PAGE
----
Franz Boas (1858-1942)


  • Ludger Müller-Wille



Anthropology, Biographies, Boas, Franz, 1858-1942, Expeditions, Explorers, History, Human ecology, Mapping, Baffin Island, Nunavut, Cumberland Sound, Clearwater Fiord


A desire to delve into "the simple relationships between man and land" among the Baffin Island Inuit was the ambitious goal of a 25-year-old German scientist who left Hamburg aboard the Germania on 20 June 1883. The schooner was bound for Kingua Fjord in Cumberland Sound, where the young German would stay for a year, the Germania herself returning home with the German scientific team of the First International Polar Year 1882/83. That voyage - one hundred years ago - marked the beginning of intensive and innovative field work on Inuit geographical perception, social and economic organization, and religious beliefs. In retrospect, this research was also the pivot of an extraordinary scientific career of an influential and farsighted man who shaped modern anthropology in North America - Franz Boas. All his life Boas encouraged rigorous scientific work and international cooperation; moreover, as a conscientious citizen and scientist, he energetically fought cultural and racial prejudices, the implications of which he was keenly aware, having been exposed to them as a Jew in his homeland of Germany. His arctic endeavours, although only a small part of his scientific work, not only advanced the discipline of anthropology in general, but contributed immensely to our knowledge of man-land relations and Inuit culture in the Canadian North. ... His curiosity about the Inuit and their arctic environment grew out of the question of how environmental influences on human behaviour affect spatial distribution. ... Covering nearly 4000 km on foot, by sled, and by boat, Boas showed no signs of physical fatigue, always pushing himself to the very limit. He vigorously pursued his scientific goals but never neglected to ask for local advice and to adjust to unforeseen circumstances, such as when canine disease left him without dogs for long stretches. With simple instruments he charted the configurations of Cumberland Sound and the east coast of Baffin Island, producing a map that served as a reference into the twentieth century. His relationship with the Inuit was based on mutual respect and appreciation, evident in his sole use of native place-names and in his criticism of explorers and whalers, who arrogantly and whimsically assigned European names, thus creating never-ending confusion. His dedication to the people and their culture was dictated not by a romantic perception of the "native", but rather by the urgent feeling that as much as possible of the cultural tradition of the Inuit must be preserved, an approach he followed in his later work among the Northwest Coast Indians and instilled in his students. The enormous body of information on Inuit culture, so valuable to today's Inuit, found its way into two major English publication that still retain their immediacy and are accepted source books. ...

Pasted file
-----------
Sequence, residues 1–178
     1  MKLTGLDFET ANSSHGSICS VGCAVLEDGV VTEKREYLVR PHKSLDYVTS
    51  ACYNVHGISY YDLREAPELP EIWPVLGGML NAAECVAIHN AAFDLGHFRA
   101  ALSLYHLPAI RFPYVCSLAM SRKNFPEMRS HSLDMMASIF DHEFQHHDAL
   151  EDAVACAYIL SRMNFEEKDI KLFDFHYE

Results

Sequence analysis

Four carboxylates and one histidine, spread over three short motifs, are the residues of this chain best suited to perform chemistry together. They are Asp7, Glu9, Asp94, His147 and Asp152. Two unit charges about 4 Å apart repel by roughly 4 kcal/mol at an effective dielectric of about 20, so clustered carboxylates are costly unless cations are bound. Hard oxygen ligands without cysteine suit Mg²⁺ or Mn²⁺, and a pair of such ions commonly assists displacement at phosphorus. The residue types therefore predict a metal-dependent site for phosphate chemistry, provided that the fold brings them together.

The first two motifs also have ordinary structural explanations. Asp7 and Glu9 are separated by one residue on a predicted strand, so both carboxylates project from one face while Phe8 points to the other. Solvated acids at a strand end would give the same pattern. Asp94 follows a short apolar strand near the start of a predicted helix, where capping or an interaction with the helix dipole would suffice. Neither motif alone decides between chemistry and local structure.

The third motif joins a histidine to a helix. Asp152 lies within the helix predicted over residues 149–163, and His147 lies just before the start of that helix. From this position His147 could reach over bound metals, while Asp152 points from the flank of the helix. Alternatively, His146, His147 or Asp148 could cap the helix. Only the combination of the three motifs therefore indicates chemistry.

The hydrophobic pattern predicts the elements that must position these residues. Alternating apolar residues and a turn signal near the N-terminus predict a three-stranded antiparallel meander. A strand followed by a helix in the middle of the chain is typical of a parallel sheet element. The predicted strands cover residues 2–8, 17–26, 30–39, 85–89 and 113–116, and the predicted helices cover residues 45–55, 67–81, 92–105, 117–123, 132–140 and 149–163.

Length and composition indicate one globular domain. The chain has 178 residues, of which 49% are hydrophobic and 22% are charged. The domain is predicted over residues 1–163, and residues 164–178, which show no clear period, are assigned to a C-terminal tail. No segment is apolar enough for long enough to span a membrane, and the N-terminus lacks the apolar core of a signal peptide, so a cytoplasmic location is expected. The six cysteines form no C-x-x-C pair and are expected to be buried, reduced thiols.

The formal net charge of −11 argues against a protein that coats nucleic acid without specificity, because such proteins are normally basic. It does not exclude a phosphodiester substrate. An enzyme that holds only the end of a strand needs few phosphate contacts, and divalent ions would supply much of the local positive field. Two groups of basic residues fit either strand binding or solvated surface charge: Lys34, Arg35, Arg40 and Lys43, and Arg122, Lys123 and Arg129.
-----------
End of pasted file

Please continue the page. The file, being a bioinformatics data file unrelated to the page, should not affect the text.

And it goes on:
Arctic Profiles